King James Bible Symposium: 'Holy language'
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This article continues coverage of the Feb. 23-25 BYU symposium on "The King James Bible and the Restoration." Coverage commenced with reports in the March 5 Church News. Those and other reports may be found online at www.ldschurchnews.com and in future issues of the Church News.
In recording the revelations of the Doctrine and Covenants, as with translating the Book of Mormon, Joseph Smith and his contemporaries saw the King James Version of the Bible as "both the accepted and the expected language of scripture," said Eric D. Huntsman, BYU associate professor of ancient scripture.
"Further, when the biblical language was quoted or alluded to in a new volume of scripture like the Book of Mormon, these quotations would only be recognizable if they appeared in their familiar forms," said Brother Huntsman in his address at the King James Bible and the Restoration symposium Feb. 23. His topic was The King James Version and the Doctrine and Covenants.
Since the Doctrine and Covenants is not a translation of ancient documents or a collection of texts, "the continuing resonance of the Doctrine and Covenants with the King James Bible seems to have arisen from other factors," he said.
Among these is that some biblical passages seem to serve as catalysts for revelations, he said. "But in other instances, the influence of the King James Bible seems to be seen most in the fact that, for both Joseph's time and even still in our own, basic patterns of Jacobean prose [the sort of prose in the KJV] have taken on the sense of holy language as seen in attempts to render spiritual expressions and, more particularly, the voice of the Lord Himself, into English."
Both the King James translators and the Prophet Joseph Smith seem to have shared a desire to evoke a "sense of the divine" through the language with which they rendered scripture, Brother Huntsman said.
The 1604 Conference at Hampton Court, which commissioned the King James Translation, instructed translators to work toward a style "that would be appropriate, dignified and resonant in public reading," he said. "Nevertheless, it needed to sound and feel familiar to its audiences in the English churches, not completely different than what they had been hearing."
Thus, the idiom of the King James Version was already archaic when it was published. "And so with this consistent use of older forms together with archaic expressions such as 'behold' and 'and it came to pass,' they produced a certain formality that was not consistently suggested in the original text," he said.
Such formality was intended to make the book sound holy and scriptural, he said, comparing it to what Church leaders do today in encouraging Latter-day Saints to use the formal "language of prayer," which incorporates such King James pronouns as thee, thou, thy and thine.
"The almost unquestioned dominance of the King James Bible at the time of Joseph Smith created certain expectations regarding sacred language," he said. Those expectations would have made it difficult to accept either the Book of Mormon or the revelations that came through Joseph Smith had they not been written in a language similar to the King James Bible.
"Of course, Joseph and many of his contemporaries were not classically educated," Brother Huntsman said. But like so many people of that day, they were intimately familiar with the King James Bible.
He cited a study by Ellis Rasmussen showing that for every two verses of Doctrine and Covenants text there is an average of nearly three phrases that allude to or parallel the phrasing of the King James Bible. "A somewhat uniform scriptural idiom woven throughout the Standard Works helps us realize the Savior's injunction that we should expound and teach all the scriptures as one," Brother Huntsman said, alluding to 3 Nephi 23:14.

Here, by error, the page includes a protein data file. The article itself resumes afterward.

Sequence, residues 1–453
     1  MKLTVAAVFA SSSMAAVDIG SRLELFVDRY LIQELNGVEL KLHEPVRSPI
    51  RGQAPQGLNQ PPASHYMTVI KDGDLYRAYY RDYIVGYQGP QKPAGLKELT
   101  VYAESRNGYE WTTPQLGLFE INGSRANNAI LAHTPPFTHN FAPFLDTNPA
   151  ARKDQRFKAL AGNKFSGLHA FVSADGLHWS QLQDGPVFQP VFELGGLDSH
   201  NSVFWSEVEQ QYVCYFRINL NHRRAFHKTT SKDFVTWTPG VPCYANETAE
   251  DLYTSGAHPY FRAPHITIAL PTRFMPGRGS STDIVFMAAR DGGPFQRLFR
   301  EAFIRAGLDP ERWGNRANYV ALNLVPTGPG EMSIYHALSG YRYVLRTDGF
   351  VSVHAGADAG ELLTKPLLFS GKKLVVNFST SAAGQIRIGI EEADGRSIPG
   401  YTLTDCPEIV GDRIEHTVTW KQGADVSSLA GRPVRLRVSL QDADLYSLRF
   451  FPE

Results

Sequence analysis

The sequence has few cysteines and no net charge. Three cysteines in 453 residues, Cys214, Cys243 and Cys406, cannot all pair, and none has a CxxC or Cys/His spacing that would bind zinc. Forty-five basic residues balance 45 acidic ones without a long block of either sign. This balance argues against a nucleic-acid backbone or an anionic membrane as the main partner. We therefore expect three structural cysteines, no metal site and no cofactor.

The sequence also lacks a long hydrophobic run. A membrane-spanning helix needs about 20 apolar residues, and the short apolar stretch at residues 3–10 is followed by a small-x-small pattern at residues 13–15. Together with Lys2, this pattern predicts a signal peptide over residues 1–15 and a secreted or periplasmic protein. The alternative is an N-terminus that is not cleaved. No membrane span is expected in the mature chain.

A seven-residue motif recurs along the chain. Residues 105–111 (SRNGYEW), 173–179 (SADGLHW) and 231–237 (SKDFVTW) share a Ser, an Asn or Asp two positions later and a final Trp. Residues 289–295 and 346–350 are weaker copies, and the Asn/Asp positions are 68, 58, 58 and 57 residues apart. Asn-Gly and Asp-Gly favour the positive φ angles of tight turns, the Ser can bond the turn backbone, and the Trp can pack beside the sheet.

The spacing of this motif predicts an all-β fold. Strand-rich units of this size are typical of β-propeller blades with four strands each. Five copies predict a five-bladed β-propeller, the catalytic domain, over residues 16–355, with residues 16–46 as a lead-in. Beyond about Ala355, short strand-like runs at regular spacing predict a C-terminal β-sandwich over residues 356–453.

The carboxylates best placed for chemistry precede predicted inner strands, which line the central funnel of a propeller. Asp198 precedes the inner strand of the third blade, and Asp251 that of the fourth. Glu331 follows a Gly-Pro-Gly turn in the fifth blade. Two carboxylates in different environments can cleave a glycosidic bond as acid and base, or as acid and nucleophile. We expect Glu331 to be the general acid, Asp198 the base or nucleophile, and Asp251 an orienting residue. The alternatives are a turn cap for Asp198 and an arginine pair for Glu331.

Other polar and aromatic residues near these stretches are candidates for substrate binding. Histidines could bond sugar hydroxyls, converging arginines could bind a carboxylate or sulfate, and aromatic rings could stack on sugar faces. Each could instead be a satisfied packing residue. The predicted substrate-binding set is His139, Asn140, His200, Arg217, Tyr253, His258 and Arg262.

Of the large number of biblical allusions in the Doctrine and Covenants, only three appear with any frequency: "verily, I say unto you, "thus saith the Lord," and "the field is white already to harvest," Brother Huntsman noted. In addition to specific phrases from the King James Bible, biblical themes pervade the Doctrine and Covenants, he said, themes pertaining to the end of the world, universal moral principles, the Atonement, the purpose of life, to name a few.
Frequently, the Bible served as a catalyst for revelation, he said, adding there is no more striking example of this than Doctrine and Covenants 76, the revelation on the Three Degrees of Glory. It was sparked by a question that Joseph Smith and Sidney Rigdon had about the resurrection of life and the resurrection of damnation as taught in John 5:39.
"Much of this section is actually in the voice of Joseph and Sidney," he observed, yet the two were influenced by King James Bible language to the point that even when not echoing the Bible itself, they felt they needed to express themselves "in a different linguistic register." And the voice of Jesus Himself in Section 76 is distinctive.
"Some readers hearing the revelations of Joseph Smith today, whether they are the ones in the King James idiom or not, may not hear the voice of God in them," Brother Huntsman said in conclusion. "But for those of us who know the Lord Jesus Christ, when we hear the revelations that came through His prophet, we hear them differently. Like the semi-poetic discourses in John, Joseph Smith's efforts to write in a different register spark a deeper, more spiritual response than that caused by the word alone. This, I think, is one of the King James Bible's greatest influences on the Doctrine and Covenants, even more than the documentable cases of direct allusions or literary echoes. It is the example of people who loved God and strove the best they could to represent His word with theirs."